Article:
Norfolk -- The Port of Virginia received a $750,000 federal grant today that will be used toward the purchase of three pieces of low-emission, hybrid cargo-handling equipment, which will be the first of its kind on the US East Coast.
"We're going to phase-out some older machines that have come to the end of their usefulness and will eventually be headed to recycling," said John F. Reinhart, CEO and executive director of the Virginia Port Authority. "The port is an economic engine and as part of that we have a responsibility to do business in an environmentally-sound fashion, where and when possible. This is an opportunity to act upon that."
The port is replacing a trio of aging, Tier 1 diesel-powered straddle carriers with Tier 4 diesel-electric shuttle carriers. At The Port of Virginia, straddle carriers are used at Norfolk International Terminals and shuttle carriers are used at APMT in Portsmouth, which is where the new machines will be deployed. The hybrid equipment was designed by Kalmar, a leading developer of container handling equipment.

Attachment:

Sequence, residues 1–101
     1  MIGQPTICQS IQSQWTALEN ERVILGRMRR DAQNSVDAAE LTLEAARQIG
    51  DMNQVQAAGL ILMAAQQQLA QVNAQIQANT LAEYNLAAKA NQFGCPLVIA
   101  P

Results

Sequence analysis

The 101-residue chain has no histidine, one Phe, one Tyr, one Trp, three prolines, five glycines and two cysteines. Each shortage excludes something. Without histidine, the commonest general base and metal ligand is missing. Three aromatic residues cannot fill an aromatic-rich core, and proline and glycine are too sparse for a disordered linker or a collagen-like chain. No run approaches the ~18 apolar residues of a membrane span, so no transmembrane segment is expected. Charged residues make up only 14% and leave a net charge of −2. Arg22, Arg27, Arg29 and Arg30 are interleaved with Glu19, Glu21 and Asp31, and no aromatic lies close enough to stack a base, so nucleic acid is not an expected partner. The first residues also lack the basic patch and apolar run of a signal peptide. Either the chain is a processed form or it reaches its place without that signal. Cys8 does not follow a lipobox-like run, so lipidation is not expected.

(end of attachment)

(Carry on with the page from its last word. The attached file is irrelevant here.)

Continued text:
(Through its "Tier" system, the federal government rates non-road diesel engines, with Tier 4 engines being the cleanest-running diesel engines available to industry. Tier 4 standards require that certain emissions be reduced by as much as 90 percent through the use of control technologies, including advanced exhaust-gas after treatment.)
The project cost is $3,423,000 and the port's portion is $2,673,000. The hybrid equipment will be part of the port's Green Operator program, or GO program, which is a voluntary truck replacement and vessel-fuel switching program.
"This effort further integrates our cargo handling sector into the GO program," Reinhart said. "It has been our policy for more than a decade to demonstrate and incorporate clean-diesel technology into our operation. This effort will produce immediate environmental improvements through reduction of emissions, fossil fuel consumption and noise from port operations."